The Cybercriminal fraternity doesn’t care about your change freeze

Halloween is over, the clocks have gone back so it must be time to dust off the baubles and lock down your network ready for biggest online sales event of the year, otherwise known as Black Friday. It is easy to understand why applying a “change freeze” to the E-Commerce infrastructure, over one of the busiest periods in the retail year, seems like a solid and sensible approach. Why would you want to allow for possible interruption of sales during such a commercially critical time? The answer is the Cybercriminal. To the hacker community, change freezes are an open invitation to attempt to do their worst.

Stopping any changes to your network means accepting any unknown critical vulnerabilities that may be present and will remain unfixed for the two to three months of shopping madness.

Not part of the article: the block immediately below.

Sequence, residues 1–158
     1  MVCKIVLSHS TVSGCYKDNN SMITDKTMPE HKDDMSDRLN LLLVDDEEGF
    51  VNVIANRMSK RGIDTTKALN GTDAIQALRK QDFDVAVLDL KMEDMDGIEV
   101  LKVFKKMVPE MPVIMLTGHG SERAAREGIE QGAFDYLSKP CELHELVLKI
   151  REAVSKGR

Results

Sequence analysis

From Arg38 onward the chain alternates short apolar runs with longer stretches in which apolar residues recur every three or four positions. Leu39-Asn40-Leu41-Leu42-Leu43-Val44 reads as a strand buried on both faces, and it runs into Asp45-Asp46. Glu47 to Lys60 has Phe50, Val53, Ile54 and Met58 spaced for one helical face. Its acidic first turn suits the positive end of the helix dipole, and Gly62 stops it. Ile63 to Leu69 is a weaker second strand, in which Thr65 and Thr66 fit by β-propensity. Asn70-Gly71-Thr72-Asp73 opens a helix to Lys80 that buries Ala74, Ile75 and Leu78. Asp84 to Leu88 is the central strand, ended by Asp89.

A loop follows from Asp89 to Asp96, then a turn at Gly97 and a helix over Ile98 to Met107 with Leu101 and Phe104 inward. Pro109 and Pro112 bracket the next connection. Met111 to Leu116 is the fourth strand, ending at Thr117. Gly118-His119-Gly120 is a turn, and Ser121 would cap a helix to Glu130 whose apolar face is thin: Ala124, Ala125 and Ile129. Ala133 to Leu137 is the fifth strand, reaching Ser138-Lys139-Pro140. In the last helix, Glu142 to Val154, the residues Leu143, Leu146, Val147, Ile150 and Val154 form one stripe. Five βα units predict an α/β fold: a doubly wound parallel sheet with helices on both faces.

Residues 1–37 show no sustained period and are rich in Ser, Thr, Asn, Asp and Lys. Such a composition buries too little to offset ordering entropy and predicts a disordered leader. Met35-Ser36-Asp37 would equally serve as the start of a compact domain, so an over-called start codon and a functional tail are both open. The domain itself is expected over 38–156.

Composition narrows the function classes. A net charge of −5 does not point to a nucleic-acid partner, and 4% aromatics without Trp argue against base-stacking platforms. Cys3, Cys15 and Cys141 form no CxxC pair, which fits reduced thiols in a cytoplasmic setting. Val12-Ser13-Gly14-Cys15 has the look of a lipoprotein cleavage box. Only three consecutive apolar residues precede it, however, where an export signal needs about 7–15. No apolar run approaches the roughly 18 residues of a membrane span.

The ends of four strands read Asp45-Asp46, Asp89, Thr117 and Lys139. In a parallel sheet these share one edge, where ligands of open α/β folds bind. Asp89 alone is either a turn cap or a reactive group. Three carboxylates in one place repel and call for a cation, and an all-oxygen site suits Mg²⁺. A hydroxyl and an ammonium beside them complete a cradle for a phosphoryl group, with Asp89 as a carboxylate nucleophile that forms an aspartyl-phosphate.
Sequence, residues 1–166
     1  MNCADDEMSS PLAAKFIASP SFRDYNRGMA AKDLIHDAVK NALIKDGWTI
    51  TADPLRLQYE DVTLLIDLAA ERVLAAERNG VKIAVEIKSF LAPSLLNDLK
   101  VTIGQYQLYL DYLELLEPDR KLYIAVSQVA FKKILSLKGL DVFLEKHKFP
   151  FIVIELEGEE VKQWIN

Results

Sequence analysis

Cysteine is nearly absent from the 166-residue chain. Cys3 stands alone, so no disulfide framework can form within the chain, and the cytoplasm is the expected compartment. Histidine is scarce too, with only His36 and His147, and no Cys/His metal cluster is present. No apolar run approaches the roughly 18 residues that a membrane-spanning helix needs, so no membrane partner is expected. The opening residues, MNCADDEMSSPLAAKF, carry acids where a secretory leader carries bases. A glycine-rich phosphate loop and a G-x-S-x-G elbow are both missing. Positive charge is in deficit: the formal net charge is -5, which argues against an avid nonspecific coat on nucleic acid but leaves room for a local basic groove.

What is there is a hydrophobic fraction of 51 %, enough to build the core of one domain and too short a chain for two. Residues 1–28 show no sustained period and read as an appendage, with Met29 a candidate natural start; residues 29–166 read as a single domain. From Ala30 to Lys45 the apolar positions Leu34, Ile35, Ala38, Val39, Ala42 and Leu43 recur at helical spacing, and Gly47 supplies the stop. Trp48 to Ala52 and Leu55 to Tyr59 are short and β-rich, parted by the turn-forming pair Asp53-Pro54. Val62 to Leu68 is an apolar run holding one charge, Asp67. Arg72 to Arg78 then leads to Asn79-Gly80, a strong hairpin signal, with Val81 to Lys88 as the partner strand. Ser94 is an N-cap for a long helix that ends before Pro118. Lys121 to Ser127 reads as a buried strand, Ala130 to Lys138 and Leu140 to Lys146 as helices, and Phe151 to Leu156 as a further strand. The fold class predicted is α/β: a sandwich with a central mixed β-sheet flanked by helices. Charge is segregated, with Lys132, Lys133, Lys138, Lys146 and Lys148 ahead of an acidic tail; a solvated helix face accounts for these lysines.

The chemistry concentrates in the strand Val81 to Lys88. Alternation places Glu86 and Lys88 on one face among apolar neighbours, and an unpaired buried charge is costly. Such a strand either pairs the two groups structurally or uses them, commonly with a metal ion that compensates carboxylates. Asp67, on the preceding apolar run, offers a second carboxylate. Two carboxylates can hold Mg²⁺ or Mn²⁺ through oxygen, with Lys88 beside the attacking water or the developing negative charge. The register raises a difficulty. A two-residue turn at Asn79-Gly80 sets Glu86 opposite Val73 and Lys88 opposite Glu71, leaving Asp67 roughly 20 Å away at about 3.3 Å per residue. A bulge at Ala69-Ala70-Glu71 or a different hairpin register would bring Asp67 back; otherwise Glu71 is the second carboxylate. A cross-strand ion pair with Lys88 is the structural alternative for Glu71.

Many organisations decide that in addition to the change freeze, it is a good idea to relax some of security controls in an attempt to speed up access for the hundreds of customers straining the bandwidth and waiting for pages to respond so that they can complete their transactions.

While it is probably too much of a business risk to expect online businesses to ditch their change freeze policy completely, it could be amended to include some simple cybersecurity steps to try and mitigate any critical vulnerabilities that could be present.

Before implementing the freeze it would be a sensible move to complete a vulnerability scan and also ideally, a full penetration test before the freeze date. Then time can be allotted to fix anything highlighted as critical before the hackers decide to help themselves to an early Christmas present.

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